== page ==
The four CEOs in the study who brought in realized gains of more than $100 million included John Martin of Gilead Sciences at $168.9 million, followed by Howard Schultz of Starbucks at $145 million. The other $100-million men included Philippe Dauman of Viacom and James Gallogly of LyondellBasell.
The two top paid CEOs, Viacom's Dauman and Robert Iger of Walt Disney, took home total compensation packages valued at more than $30 million. On top of his $3.5 million salary, Dauman hauled in bonus of $16.9 million and stock and options awards worth $16.4 million. Viacom investors at least could say they scored, too, as Viacom delivered a 58% total return. Iger was just behind with a total compensation package worth $34.3 million. The Disney leader, widely lauded for making investments in the theme parks during the recession that are paying off now, received a bonus of $13.6 million and stock and options worth $17.3 million on top of a $2.5 million salary.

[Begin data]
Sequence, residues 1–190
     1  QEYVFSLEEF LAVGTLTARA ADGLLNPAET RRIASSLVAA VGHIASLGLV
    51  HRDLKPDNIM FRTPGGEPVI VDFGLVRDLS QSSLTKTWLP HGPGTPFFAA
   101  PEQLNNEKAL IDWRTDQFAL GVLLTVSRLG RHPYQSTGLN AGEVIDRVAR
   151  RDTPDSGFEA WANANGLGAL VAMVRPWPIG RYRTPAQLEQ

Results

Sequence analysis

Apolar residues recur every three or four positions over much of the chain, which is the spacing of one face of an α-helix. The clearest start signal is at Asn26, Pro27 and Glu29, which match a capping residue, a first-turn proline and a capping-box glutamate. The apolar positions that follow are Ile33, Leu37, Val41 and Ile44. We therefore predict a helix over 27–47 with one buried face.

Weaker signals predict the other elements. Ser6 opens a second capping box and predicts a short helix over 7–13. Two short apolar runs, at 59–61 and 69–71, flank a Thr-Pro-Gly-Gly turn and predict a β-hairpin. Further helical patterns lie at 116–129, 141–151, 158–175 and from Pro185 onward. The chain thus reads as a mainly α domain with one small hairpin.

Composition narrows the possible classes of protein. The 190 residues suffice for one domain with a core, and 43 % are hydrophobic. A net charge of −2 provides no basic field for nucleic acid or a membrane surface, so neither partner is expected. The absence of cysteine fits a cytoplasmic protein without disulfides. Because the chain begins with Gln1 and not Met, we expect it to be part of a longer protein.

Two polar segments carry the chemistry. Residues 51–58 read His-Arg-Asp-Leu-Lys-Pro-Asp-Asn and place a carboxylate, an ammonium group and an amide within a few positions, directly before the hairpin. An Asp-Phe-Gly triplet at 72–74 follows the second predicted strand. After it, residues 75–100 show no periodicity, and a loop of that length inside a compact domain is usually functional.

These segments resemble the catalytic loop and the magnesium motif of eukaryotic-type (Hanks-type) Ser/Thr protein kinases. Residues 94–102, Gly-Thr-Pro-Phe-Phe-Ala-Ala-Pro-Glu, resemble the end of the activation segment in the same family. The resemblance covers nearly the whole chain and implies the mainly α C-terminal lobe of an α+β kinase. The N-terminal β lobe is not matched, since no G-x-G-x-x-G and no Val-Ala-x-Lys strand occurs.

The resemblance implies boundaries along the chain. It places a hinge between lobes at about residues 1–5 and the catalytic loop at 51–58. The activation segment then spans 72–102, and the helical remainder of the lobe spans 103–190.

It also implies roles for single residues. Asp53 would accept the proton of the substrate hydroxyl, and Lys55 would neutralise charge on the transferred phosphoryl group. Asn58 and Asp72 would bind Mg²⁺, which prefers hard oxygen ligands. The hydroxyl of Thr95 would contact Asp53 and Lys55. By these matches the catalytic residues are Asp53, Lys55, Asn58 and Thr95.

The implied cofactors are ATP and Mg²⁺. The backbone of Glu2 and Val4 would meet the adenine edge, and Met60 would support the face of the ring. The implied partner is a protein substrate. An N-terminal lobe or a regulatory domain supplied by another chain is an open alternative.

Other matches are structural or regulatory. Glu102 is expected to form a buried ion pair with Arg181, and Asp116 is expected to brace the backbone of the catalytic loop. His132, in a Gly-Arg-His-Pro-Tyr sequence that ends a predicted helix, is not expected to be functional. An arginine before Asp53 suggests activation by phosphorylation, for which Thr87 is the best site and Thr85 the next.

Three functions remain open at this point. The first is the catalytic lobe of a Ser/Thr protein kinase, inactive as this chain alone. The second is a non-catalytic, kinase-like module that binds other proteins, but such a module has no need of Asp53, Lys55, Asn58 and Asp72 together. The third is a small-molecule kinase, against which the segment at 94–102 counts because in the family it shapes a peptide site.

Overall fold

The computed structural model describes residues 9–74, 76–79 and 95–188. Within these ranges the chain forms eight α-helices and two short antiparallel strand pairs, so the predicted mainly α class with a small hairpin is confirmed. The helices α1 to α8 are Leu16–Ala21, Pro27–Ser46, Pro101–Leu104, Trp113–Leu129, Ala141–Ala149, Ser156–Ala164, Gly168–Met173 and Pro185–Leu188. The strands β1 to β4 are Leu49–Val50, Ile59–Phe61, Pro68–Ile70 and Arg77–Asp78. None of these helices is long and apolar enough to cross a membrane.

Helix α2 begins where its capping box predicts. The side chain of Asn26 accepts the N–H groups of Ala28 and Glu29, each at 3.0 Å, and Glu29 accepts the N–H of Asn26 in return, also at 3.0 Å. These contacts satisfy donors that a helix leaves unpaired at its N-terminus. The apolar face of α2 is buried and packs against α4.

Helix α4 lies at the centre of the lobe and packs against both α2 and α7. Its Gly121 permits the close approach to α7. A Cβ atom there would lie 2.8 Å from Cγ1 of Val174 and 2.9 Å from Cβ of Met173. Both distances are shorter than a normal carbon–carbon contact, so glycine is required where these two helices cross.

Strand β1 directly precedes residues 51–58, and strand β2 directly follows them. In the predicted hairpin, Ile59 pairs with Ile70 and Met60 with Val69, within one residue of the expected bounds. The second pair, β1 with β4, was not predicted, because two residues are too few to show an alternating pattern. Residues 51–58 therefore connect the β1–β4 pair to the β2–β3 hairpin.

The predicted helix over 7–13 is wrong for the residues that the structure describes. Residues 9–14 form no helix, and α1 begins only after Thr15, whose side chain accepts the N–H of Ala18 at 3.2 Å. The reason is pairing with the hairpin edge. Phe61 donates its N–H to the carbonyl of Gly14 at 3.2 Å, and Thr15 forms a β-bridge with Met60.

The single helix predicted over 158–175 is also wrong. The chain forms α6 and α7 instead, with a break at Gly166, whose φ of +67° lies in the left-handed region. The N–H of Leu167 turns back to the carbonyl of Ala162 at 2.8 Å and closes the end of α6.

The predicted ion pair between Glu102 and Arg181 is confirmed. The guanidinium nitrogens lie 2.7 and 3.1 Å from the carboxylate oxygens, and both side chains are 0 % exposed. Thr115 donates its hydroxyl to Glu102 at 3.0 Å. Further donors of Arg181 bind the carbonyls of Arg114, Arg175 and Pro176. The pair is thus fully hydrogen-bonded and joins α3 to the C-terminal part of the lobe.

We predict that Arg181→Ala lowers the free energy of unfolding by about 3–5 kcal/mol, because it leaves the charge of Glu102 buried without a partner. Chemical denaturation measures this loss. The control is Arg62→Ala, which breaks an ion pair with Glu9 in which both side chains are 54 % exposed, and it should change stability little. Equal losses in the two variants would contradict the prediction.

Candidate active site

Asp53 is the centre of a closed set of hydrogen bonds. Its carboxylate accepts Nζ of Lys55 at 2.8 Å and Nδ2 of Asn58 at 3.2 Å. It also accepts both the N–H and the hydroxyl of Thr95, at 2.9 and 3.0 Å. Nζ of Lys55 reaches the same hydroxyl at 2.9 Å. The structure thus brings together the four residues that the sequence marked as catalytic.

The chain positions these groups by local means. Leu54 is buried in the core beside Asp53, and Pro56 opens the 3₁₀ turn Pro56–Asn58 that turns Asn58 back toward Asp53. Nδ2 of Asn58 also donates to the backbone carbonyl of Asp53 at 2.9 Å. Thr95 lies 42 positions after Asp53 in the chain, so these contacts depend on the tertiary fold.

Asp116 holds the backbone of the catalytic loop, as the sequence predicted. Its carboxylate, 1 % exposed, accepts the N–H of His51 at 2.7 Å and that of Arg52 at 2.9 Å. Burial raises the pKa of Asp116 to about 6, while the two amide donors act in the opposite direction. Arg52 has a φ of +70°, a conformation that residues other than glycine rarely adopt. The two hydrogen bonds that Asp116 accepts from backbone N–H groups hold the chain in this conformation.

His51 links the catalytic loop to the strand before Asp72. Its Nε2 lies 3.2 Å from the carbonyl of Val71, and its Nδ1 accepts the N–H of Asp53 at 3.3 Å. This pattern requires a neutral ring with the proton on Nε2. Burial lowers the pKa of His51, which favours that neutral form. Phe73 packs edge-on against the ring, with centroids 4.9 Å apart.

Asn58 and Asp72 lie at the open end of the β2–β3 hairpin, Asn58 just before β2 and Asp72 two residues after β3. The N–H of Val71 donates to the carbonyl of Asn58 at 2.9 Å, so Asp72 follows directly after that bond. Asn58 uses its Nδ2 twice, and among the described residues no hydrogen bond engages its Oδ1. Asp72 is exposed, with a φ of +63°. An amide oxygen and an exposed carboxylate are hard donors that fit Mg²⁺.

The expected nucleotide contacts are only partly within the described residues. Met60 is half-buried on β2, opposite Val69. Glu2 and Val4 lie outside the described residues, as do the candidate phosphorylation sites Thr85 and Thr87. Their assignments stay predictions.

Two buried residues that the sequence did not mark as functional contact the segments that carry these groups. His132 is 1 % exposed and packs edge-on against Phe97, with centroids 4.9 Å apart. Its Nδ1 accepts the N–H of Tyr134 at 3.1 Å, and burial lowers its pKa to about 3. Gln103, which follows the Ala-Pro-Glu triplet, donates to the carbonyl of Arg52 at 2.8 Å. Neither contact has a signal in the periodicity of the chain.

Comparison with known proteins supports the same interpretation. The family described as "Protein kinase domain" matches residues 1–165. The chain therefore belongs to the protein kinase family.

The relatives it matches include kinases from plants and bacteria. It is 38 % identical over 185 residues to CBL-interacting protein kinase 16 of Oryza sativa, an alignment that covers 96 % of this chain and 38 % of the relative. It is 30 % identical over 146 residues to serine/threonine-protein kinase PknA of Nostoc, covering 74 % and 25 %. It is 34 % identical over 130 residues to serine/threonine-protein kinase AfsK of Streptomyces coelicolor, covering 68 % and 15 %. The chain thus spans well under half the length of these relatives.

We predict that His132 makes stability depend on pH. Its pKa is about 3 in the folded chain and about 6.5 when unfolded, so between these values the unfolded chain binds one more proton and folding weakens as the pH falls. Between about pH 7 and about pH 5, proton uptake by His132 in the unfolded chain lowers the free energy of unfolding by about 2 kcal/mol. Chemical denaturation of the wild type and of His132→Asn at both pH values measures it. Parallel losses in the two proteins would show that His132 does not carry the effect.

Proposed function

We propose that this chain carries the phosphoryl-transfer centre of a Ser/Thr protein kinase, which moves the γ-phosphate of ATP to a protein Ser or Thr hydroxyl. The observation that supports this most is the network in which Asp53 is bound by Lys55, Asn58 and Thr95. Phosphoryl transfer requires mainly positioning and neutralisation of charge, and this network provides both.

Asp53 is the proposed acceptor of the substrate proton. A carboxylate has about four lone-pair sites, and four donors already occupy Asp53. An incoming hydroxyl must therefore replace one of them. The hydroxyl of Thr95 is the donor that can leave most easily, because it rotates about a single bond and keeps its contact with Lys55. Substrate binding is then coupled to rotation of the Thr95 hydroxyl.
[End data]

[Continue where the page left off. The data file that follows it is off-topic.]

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The biggest raises went to Walter Robb of Whole Foods Market at 156%. But that big raise is largely a function of coming off a small base, as Robb's pay of $3.2 million was well below average. Other big raises went to Peter Rose of Expeditors International of Washington and Rakesh Sachdev of Sigma-Aldrich, who brought in 149% and 133% higher pay respectively.
Perks like company-paid home security services and the use of the corporate jet irks some who watch CEO pay as being excessive. But the value of these perks is pretty small in the scheme of things. The median perks received by CEOs was $183,841, which is less than 2% of CEOs' median total pay in 2013. Some of the perks can be head-turning, though. Rose of Expeditors International of Washington received "all other compensation" of $8 million, which exceeded the $5.4 million he received from bonuses and his relatively modest $110,000 salary. That "other compensation" was connected with an estimated retirement bonus paid to Rose that will start in September 2014 and run through August 2015.
Investors might have a tough time complaining too much. During the year, the average total return by the companies headed by these leaders was 33%. Gains weren't just vapid stock market gains powered by speculators. Profit growth at companies in the entire S&P 500 rose 10.8% in 2013, another powerful year of earnings recovery as the last recession fades away.
—By Matt Krantz of USA Today